By Tim Brown on D.C. Clothesline
Wikileaks has been at the forefront of exposing how the Central Intelligence Agency through the leaks of what has become to known as Vault 7 documents. In their latest release, Wikileaks exposes how the CIA is able to hack into computers, even if they are not connected to the internet.
In eleven new documents published by Wikileaks, there is an explanation of a piece of software known as “Brutal Kangaroo.” This software suite is used to target “air-gapped” computers by using internet-connected networks within the same organization.
Quartz explains how it all works:
Brutal Kangaroo works by creating a digital path from an attacker to an air-gapped computer and back. The process begins when a hacker remotely infects an internet-connected computer in the organization or facility being targeted. Once it has infected that first computer, what the documents refer to as the “primary host,” Brutal Kangaroo waits. It can’t spread to other systems until someone plugs a USB thumb drive into that first one.
Once someone does, malware specific to the make and model of the thumb drive is copied onto it, hiding in modified LNK files that Microsoft Windows uses to render desktop icons, and in DLL files that contain executable programs. From this point, Brutal Kangaroo will spread further malware to any system that thumb drive is plugged into. And those systems will infect every drive that’s plugged into them, and so on, and the idea is that eventually one of those drives will be plugged into the air-gapped computer.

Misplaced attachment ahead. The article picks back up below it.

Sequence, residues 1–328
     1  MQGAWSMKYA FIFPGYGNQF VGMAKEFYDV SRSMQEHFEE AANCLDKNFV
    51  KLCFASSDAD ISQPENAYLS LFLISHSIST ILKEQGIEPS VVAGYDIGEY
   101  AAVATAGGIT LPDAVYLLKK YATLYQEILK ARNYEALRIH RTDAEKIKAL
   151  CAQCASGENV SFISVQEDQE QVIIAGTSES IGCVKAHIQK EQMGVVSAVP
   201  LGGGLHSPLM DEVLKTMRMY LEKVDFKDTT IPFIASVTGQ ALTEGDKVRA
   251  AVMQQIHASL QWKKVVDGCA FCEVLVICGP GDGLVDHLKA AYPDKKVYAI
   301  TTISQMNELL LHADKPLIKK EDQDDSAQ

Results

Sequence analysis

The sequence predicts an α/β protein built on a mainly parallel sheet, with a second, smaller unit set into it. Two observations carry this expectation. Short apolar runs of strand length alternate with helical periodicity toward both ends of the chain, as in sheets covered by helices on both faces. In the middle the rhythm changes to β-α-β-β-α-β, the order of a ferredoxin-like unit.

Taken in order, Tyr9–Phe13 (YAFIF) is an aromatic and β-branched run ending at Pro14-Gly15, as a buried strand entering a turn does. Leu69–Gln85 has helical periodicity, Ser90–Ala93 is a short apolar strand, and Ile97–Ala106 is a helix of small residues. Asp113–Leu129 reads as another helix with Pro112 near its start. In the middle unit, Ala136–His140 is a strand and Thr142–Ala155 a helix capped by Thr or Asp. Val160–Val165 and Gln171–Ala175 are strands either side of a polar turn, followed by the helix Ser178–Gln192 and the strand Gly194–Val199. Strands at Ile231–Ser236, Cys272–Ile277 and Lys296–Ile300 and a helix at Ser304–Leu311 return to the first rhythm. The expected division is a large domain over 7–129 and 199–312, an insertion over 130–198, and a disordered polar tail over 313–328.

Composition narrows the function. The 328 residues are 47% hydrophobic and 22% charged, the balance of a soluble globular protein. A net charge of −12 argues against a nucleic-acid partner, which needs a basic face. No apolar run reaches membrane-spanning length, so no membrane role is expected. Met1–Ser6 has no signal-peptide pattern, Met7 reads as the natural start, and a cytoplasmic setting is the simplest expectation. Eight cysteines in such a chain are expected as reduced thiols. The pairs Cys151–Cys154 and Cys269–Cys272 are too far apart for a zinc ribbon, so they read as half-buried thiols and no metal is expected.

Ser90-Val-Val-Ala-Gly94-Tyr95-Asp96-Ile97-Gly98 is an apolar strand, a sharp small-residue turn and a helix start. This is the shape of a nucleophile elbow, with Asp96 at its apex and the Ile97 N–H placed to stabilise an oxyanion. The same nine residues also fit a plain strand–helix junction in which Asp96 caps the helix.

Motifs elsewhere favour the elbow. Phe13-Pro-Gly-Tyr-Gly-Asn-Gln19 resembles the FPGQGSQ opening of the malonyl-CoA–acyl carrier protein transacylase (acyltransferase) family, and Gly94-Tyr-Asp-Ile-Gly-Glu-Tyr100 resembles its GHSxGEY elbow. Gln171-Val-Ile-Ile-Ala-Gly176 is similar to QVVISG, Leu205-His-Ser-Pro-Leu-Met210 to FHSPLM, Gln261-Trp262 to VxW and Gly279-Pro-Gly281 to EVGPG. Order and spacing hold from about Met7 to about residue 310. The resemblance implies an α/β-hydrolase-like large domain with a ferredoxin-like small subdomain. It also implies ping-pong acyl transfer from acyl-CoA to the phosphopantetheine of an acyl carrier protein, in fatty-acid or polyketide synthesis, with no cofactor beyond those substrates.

The major flaw in the concept of isolating sensitive computers is that the air gap around them can only be maintained if no one ever needs to copy files onto or off of them. But even for specialized systems, there are always updates and patches to install, and information that has to be fed in or pulled out. It’s common knowledge among IT specialists that external hard drives are an obvious target for anyone seeking to break the air gap, and precautions are presumably taken in facilities with diligent IT specialists. Those precautions, however, can be subverted with exploitations of obscure vulnerabilities, and sometimes mistakes simply happen.
If a thumb drive infected with Brutal Kangaroo is plugged into an air-gapped computer, it immediately copies itself onto it. If a user tries to browse the contents of the infected drive on that computer, it will trigger additional malware that will collect data from the computer. As users continue plugging the drive into connected and disconnected computers, a relay is formed, ultimately creating a slow path back to the hacker, through which data copied from the air-gapped computer will be delivered if everything goes according to plan.
The targeting of “air-gapped” computers is not something new. Stuxnet, another malware that was reportedly developed by the US and Israel to sabotage Iran’s nuclear program, also had “air-gapped” computers in its sights.